Jewish World Review Sept. 5, 2001 / 16 Elul, 5761
This was recently evidenced - again - when the likes of Democratic National Committee Chairman Terry McAuliffe, Senate Majority Leader Tom Daschle and House Minority Leader Dick Gephardt and their compatriots pounced on President Bush for "raiding the Social Security trust fund."
This was the fallout after it was just announced by Washington bean counters that the fiscal 2001 budget surplus will be about $158 billion - only the second largest in history. The problem? Largely because of the economic slowdown, the surplus is not the almost $300 billion estimated for 2001 just four months ago. The surplus that does exist is mainly generated from excess receipts from Social Security (payroll) taxes, some $9 billion of which may have to be used to make federal ends meet with the remainder - for now - earmarked to pay down the national debt.
Here's the chicanery: There is no Social Security trust fund. Almost from the inception of the program, any excess from payroll taxes has been used for any and all federal spending, good and bad. When the government spends those receipts from payroll taxes, whether on more federal programs or even paying down the federal debt, it always does the same thing - the Treasury just writes an "IOU" to itself.
Democrats themselves oversaw this practice when they controlled Congress, which has been most of the time since the creation of Social Security, and they happily acquiesced in it when they didn't - so they well know there is no "trust fund" and that no "trust fund" is being raided.
But that doesn't keep them from being demagogues on the issue. "We told you the big budget surpluses would dissolve if President Bush got to waste it on his 'huge' tax cuts," they are saying. "Now look - he's raiding the Social Security trust fund to pay for them."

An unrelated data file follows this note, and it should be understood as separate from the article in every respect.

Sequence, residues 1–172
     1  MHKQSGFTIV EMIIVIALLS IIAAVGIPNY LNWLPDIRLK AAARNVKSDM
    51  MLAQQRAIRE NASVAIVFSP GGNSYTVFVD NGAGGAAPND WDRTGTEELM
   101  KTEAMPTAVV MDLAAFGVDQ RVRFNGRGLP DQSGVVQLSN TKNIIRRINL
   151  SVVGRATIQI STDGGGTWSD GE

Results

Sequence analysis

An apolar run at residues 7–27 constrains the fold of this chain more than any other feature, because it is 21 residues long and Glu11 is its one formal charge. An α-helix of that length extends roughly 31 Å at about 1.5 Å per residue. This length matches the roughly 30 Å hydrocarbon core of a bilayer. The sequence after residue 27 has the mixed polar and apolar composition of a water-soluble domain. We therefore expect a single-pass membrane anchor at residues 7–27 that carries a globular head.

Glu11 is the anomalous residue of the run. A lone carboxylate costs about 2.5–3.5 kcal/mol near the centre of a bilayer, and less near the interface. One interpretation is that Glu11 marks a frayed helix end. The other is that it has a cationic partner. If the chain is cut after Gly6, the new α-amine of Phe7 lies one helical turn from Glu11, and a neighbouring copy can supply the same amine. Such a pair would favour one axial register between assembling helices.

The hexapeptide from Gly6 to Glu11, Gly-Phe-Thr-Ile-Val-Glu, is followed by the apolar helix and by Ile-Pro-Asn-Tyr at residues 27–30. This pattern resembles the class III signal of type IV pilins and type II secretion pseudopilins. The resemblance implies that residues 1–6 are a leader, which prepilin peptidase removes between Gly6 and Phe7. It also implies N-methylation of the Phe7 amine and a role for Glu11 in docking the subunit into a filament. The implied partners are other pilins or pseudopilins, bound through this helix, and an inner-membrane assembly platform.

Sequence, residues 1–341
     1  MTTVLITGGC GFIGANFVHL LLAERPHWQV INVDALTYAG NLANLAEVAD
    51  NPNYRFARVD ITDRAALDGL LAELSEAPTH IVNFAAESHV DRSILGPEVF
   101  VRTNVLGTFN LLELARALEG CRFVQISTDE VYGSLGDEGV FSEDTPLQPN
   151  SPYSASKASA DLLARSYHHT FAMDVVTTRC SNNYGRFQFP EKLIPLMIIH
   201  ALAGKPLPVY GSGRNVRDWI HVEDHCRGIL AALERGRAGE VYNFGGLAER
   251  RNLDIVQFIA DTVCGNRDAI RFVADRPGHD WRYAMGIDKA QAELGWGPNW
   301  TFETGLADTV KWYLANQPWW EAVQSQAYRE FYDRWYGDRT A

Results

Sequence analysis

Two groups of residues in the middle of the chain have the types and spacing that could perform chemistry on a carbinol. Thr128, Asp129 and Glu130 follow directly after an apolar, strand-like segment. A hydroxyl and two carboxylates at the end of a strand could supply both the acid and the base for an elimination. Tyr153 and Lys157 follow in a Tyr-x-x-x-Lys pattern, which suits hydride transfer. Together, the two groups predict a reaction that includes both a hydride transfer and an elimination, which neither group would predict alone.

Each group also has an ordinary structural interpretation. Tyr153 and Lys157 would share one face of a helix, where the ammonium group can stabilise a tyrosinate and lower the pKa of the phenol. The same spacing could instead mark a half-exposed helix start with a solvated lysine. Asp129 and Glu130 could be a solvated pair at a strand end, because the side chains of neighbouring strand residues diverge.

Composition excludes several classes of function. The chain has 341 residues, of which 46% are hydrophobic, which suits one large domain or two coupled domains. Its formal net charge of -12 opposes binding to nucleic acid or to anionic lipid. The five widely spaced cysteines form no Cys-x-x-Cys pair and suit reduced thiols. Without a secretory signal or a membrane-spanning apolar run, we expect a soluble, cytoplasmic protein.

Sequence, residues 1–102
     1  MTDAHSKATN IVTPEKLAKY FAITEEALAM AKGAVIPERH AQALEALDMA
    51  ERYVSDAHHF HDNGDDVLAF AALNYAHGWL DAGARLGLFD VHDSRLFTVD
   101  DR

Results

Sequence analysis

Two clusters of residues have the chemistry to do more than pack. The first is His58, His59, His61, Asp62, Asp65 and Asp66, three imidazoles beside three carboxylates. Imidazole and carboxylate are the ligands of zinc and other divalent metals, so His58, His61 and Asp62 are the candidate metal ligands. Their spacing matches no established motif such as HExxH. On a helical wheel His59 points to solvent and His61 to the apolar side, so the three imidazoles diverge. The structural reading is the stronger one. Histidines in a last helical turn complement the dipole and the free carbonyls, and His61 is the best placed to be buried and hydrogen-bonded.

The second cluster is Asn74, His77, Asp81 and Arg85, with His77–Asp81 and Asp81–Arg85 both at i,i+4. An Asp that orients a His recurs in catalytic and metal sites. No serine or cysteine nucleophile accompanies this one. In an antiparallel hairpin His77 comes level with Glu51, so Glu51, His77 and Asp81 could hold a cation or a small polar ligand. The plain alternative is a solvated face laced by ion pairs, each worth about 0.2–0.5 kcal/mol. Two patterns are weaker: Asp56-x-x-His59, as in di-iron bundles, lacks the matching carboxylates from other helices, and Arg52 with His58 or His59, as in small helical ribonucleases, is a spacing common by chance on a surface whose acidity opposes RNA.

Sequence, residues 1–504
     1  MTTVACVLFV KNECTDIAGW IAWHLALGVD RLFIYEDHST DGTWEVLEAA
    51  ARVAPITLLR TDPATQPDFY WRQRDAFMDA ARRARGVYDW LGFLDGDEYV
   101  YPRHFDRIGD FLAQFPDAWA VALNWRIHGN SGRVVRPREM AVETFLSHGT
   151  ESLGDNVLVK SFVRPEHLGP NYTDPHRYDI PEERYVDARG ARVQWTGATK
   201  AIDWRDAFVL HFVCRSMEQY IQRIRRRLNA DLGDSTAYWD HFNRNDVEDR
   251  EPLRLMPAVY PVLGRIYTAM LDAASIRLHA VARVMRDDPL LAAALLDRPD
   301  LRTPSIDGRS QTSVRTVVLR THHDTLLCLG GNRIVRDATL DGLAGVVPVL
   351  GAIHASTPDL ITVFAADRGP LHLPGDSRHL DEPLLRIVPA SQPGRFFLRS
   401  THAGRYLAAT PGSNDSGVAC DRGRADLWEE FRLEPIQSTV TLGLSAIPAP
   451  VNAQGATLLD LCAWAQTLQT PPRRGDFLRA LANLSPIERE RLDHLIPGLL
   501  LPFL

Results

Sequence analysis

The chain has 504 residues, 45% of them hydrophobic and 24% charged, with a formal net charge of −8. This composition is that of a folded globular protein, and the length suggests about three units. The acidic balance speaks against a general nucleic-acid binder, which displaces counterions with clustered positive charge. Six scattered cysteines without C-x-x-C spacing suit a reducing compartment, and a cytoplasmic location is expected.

Interestingly, at the inception of the Social Security program, payroll taxes were saved in a separate federal account and allowed to accrue - a true trust fund - until the Democrats of that day quickly figured out that putting aside Social Security money would require the government to invest it, thus distorting financial markets. So, it was soon turned into a pay-as-you-go program.
Payroll tax receipts and outlays to current retirees were more or less at parity until the Greenspan Commission (chaired by Alan Greenspan in 1983) decided to increase payroll taxes far above what was needed for current Social Security payments in order to start "saving money" for future retirees.
No surprise here - the surplus funds from the higher payroll taxes were just spent on more government programs of all stripes, and the stack of IOUs grew. Still, none of this became much of an issue until a couple of years ago when huge federal surpluses unexpectedly started accruing and we began hearing about "protecting the (mythical) Social Security trust fund."
Enter the Democrats, and their clear and disingenuous suggestion that using billions of dollars from surplus Social Security receipts to fund current programs is a) a wholly new practice and b) it means your grandma might not get her Social Security check next month. These are lies, of course, but you can practically see these guys frothing at the mouth. They're thinking "hey, the hand recounts in Florida didn't work to bag us the presidency - but demagoging the Social Security issue is a take-it-to-the bank tactic."
Unfortunately, it's the Republicans who painted themselves into this corner by driving the bandwagon calling for a "lockbox" for Social Security, with the plan being to use excess Social Security receipts to pay down federal debt. Instead, of course, they should have argued that if there are any surplus funds in Washington it's because Americans paid too much in taxes and that money, all of it, should be refunded to them.
This is all the more true given that surplus federal funds, whatever their source, are routinely spent on new programs. Besides, the only way to truly pay off America's "debt," which has been dramatically falling as a percentage of our Gross Domestic Product anyway, would be to force people to accept a discounted payment for their savings bonds which have yet to mature.
Here, then, it comes down to a pathetic truth: The Democrats may be liars, but the Republicans are their